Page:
Well, acrylamide has been found to cause cancer and neurological problems in lab rats and mice, but very few studies have been done to date on human exposure to this chemical. So I am not going to worry too much about it, but to be on the safe side I will be adding rosemary to my carb-ridden food.
Links to more info on this subject:
http://tinyurl.com/3yrrz3 Heat isn’t necessarily the only thing that should concern us. Acrylamide can be found in dried fruit, too. Ok, that is IT, I’m throwing my leftover raisins into the garden! (Just kidding!) Anyway, here you will find out why you should choose baking soda over baking powder. And other titbits.
http://tinyurl.com/2goqoj This takes you to the U.S. Environmental Protection Agency info on acrylamide. So if you want to know about the harmful effects of this stuff, check out this link. No worries, you won’t grow an extra head…but, truth be told, I only glanced at this page, so if that is one of your concerns, better check it out. Oh drat, I just read that it’s in coffee, too! Why did I read this blasted Science Daily article in the first place? 
The National Cancer Institute has another acrylamide FAQ page: http://tinyurl.com/2rzwe8
Tips on how to cut the level of this chemical can be found here: http://tinyurl.com/2jzra3 Okay, no more roasted almonds for me!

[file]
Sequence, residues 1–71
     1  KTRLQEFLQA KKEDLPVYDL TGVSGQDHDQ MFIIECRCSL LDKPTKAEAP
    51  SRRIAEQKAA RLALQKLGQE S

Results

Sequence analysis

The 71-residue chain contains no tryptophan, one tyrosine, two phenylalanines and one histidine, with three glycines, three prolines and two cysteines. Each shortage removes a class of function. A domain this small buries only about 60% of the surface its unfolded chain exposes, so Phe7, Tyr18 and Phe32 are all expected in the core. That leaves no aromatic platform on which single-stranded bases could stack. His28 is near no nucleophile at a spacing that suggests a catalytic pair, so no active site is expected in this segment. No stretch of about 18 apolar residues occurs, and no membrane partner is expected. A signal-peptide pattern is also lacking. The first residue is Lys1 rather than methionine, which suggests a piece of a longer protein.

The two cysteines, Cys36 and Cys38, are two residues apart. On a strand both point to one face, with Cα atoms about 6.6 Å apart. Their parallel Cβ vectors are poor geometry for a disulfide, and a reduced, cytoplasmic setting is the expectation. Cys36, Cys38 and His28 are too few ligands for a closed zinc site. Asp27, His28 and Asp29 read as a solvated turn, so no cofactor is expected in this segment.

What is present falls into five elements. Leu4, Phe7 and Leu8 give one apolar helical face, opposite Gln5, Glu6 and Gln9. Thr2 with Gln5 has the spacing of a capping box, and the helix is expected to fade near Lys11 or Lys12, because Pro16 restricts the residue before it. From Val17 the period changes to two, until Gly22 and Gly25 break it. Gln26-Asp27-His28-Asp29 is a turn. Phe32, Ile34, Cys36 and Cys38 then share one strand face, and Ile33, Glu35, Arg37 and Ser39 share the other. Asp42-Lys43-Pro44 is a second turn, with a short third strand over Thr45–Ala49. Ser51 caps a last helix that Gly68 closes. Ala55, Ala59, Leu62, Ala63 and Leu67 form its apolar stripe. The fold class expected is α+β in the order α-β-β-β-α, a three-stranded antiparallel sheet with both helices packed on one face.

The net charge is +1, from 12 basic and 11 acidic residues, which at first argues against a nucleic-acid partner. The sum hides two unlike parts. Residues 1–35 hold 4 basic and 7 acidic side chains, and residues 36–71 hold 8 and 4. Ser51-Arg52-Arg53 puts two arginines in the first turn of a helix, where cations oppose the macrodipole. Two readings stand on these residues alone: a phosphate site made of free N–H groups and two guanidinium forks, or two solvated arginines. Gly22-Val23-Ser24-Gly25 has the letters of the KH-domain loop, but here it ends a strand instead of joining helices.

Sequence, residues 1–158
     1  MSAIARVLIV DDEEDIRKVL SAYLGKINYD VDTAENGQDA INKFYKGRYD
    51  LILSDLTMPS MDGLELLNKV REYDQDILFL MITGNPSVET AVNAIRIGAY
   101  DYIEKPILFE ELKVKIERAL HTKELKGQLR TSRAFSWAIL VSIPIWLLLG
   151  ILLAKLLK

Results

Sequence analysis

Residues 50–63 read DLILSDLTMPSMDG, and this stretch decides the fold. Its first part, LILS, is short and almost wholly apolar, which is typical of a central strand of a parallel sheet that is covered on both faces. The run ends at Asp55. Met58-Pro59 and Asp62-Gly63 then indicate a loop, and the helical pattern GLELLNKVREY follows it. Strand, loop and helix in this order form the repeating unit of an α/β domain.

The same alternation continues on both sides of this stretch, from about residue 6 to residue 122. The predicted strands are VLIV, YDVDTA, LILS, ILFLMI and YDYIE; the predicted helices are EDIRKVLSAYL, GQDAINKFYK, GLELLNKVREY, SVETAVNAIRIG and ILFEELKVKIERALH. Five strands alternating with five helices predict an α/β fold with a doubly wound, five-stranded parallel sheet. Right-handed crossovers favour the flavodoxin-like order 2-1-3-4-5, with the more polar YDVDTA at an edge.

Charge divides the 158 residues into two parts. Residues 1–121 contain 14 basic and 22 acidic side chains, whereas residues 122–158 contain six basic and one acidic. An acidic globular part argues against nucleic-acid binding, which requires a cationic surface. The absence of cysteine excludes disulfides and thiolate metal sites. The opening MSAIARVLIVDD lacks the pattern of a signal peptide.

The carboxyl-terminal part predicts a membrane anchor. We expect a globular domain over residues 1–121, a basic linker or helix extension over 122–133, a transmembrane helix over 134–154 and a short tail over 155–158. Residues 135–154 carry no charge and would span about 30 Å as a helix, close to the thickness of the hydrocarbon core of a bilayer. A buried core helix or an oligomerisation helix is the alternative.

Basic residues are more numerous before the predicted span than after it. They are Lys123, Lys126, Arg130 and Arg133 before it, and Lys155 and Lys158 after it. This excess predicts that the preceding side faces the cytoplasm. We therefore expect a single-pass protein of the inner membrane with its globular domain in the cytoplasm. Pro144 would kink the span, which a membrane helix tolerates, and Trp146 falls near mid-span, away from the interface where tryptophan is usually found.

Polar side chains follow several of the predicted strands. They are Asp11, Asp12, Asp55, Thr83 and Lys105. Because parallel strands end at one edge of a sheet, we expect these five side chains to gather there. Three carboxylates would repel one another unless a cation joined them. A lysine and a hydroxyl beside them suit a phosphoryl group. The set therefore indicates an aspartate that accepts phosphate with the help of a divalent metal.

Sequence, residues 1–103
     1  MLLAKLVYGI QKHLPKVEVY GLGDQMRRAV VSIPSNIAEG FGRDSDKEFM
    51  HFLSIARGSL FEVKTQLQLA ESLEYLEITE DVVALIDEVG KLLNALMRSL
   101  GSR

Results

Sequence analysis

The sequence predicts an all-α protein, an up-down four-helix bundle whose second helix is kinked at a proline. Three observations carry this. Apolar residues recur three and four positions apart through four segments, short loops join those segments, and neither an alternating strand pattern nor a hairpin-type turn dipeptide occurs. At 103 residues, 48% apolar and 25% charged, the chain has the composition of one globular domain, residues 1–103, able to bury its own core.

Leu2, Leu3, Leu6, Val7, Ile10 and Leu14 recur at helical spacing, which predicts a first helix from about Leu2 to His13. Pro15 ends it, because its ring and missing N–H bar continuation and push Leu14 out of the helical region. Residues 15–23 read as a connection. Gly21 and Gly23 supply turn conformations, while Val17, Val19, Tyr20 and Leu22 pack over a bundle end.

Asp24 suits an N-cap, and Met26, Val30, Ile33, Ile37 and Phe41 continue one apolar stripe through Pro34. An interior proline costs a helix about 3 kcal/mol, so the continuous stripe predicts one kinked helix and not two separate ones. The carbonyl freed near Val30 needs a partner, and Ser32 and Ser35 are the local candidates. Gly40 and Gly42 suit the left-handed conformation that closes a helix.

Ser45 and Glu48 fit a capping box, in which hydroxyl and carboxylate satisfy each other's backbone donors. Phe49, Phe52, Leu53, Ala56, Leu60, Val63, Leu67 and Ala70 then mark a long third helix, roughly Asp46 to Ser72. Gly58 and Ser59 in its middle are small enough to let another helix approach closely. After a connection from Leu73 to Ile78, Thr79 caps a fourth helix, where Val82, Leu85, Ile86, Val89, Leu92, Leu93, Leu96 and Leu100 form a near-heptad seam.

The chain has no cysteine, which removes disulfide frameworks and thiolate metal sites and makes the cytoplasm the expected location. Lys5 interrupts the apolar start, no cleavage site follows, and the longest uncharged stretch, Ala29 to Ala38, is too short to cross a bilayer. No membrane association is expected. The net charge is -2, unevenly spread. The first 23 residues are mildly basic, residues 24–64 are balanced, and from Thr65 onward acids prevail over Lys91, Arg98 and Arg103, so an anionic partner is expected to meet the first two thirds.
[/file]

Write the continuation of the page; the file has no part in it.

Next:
http://tinyurl.com/3y2axv This link will take you to the Fanatic Cook’s blog. I read her blog from time to time. She is a cooking blogger/researcher with a good sense of humour, which I always appreciate. Anyway, here she looked up statistics (acrylamide content of a few popular foods), the FDA acceptable intake of acrylamide…you get the picture. A good read. I will add a link to her blog here.
http://tinyurl.com/2rqz42 go here for FDA data on the acrylamide content of a huge list of foods. Check out the acrylamide content of Pringles! Yikes!
The Netherlands Cohort Study on diet and cancer examined more than 60,000 postmenopausal women, finding “increased risks of postmenopausal endometrial and ovarian cancer with increasing dietary acrylamide intake, particularly among never-smokers,” but no increased breast cancer risks (published in November 2007): http://tinyurl.com/ypgqhq

Happy blog anniversary!

Well, today marks the one-year anniversary of my entry into the blogging world. Has one entire year really gone by since my first post? Amazing!
In my wildest dreams I never thought I would come to have such a consistent, wonderful and loyal readership (ever-growing, too!)…on the contrary, in the beginning, I feared that my blog would encounter a lot of opposition. Well, I am happy to say that my fears were ill-founded. 
So let me take this opportunity to thank each and every one of my blog readers for your kind comments, helpful advice and for pointing me in the direction of some of the best research I have done. Without you, without this blog, I would never have discovered the vast majority of these anti-myeloma substances.